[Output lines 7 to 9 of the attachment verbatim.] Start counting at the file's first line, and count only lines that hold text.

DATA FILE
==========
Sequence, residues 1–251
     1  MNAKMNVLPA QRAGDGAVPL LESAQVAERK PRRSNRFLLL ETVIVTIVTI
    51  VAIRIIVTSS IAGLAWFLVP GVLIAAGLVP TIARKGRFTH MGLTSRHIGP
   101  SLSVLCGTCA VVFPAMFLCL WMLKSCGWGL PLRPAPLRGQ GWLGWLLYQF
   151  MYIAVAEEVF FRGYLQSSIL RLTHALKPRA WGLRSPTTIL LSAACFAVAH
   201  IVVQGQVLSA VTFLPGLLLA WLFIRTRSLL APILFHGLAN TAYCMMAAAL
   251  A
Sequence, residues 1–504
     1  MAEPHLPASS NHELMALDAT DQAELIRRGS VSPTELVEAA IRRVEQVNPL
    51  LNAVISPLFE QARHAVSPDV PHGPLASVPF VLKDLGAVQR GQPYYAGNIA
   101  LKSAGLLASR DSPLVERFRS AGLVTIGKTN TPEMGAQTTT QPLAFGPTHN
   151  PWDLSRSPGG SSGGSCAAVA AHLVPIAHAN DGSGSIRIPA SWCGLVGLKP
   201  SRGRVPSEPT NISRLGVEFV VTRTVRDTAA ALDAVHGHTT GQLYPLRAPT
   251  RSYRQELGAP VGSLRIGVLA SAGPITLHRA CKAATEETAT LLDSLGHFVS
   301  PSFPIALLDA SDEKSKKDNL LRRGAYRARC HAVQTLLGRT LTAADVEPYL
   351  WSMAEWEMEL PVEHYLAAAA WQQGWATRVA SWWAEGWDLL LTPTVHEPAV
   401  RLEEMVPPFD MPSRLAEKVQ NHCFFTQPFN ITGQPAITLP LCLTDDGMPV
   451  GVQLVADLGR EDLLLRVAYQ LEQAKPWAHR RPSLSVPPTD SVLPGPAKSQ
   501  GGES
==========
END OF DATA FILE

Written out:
   251  A
Sequence, residues 1–504
     1  MAEPHLPASS NHELMALDAT DQAELIRRGS VSPTELVEAA IRRVEQVNPL